You can’t tell what someone needs until you know who that someone is. So, your requirements should start by indicating who will use the system and who will benefit from it.
What is his job / his business process today?
The next step is to briefly document how the business process is accomplished today. What do people have to go through to complete it? Where is it awkward and inefficient?
What does he think it should be?
Then, design out the improved business process. How will the new system enable that process? Why can’t the new process be implemented without the system?
What analyses does he need to get to this new process?
So, the new process needs data. That data will be presented in one or more formats consisting of charts and tables. What will these look like? At this stage you should, perhaps with a pencil and paper (remember those), draw them out. Work with your user to understand what data he needs to see, how he needs it presented, how he’ll need it filtered, how he’ll need it sorted, etc.
No, I’m not naive – of course his needs will change once you’ve delivered the analyses. So, when developing, you will likely collect more data than his screen designs require. You might also build a few more screen objects than he asks for. However, what you build will be based on a thought-out business need, not on an ill-defined, cop out requirement of ‘give me data.’
What are the expected benefits and how will they pay for the investment?
Finally, it’s important to question if the investment will be valuable. Yes, perhaps a new BI system will enable a new business process but how will this benefit the organization? Why is it worth doing?
Quick example: suppose an automotive warranty group reviews claims every six months to see if particular parts are creating outsized warranty costs. Further, suppose a sponsor in warranty realizes that changing this business process to a monthly or weekly process will catch these issues sooner, saving on warranty costs. With some simple math you can estimate the value of this new business process. (IMPORTANT POINT: The ROI of a BI system is zero. The system is the ‘I’, the investment. The return, the ‘R’, is a result of the new business process enabled by that system).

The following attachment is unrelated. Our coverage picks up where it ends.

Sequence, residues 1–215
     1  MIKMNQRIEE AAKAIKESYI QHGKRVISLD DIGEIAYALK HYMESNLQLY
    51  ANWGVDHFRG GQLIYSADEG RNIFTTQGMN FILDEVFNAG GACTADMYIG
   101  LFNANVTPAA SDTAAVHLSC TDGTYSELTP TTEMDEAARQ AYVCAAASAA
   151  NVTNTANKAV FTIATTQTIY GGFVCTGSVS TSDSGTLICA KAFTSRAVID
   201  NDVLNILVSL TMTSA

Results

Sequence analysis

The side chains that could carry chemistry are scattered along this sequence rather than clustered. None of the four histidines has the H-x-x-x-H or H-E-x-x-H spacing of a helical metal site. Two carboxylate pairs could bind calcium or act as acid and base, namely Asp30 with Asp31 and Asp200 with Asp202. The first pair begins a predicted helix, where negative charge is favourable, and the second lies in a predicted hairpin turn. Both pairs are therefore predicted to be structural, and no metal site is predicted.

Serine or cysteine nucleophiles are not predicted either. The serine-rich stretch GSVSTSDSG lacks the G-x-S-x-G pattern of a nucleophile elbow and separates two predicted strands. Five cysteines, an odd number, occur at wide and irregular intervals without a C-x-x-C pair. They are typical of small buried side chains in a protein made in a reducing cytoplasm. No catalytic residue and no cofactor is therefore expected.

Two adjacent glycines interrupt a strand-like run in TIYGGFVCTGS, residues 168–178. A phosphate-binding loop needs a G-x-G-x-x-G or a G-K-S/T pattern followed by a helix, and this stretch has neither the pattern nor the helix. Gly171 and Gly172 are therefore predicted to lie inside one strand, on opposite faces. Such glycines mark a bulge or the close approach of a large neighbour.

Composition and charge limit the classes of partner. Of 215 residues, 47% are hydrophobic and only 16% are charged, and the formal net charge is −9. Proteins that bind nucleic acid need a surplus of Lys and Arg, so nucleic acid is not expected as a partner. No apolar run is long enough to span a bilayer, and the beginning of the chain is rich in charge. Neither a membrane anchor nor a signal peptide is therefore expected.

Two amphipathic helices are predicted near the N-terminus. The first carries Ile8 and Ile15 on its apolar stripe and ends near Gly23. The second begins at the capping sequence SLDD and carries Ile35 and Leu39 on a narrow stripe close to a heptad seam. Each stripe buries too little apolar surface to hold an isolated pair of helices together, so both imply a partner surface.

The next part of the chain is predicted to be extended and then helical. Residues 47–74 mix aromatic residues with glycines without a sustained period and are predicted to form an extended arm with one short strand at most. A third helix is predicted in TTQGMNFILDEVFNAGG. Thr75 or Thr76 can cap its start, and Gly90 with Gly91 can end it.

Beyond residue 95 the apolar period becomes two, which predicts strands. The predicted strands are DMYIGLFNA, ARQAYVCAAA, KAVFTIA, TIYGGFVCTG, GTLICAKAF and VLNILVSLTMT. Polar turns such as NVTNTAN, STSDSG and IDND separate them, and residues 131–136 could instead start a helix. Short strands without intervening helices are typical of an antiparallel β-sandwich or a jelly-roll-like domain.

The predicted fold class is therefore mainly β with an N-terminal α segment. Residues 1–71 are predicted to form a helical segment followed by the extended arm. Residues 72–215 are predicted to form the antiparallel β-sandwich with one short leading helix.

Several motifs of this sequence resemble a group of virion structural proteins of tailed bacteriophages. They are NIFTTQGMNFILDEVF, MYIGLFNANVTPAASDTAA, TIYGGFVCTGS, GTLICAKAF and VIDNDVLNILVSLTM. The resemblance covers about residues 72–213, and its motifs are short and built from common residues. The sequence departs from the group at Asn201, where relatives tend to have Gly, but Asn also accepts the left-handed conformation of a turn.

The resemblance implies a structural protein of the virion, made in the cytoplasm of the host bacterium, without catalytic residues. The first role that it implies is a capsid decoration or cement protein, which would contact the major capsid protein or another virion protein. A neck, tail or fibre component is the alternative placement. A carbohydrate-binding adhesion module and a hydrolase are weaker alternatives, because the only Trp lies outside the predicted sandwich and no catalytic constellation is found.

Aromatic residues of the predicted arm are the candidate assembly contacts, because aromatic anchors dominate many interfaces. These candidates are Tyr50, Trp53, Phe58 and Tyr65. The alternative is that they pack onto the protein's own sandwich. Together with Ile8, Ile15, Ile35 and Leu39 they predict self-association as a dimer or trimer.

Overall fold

This JGME rule has two, limited exceptions.
Tiny Scale Demonstration Systems
Sometimes it’s important to show sponsors what can be done. In these cases you might create small demonstration systems based on what you already know about the business problem. However, once the business buys in (if it does), then you should capture real requirements for your production system.
BI tool vendors will have you believe that every user in your company will be clicking around, making new insights. That’s not going to happen. Almost everyone in a company has defined goals and things they need to get done. They execute business processes to complete these tasks. The one exception is your data scientists. This is a very small group of experts whose job it is to find and evaluate new data, looking for new insights. These people may, validly, have the JGME requirement. However, these people usually only need this data temporarily – they do their analyses and then go on to the next topic. Tools like data lakes and unstructured data storage technologies (e.g. Hadoop) are usually best for needs like these.
Any thoughts? I’d love to hear them. Just comment on this post. Thanks for reading!
Need BI and DW Staff?
Over the past few years our business has expanded to include BI and data warehouse staffing. Client reviews have been exceptional. I’d love to discuss your situation and how our staffing and consulting offerings might help. Call me at 734.585.3503.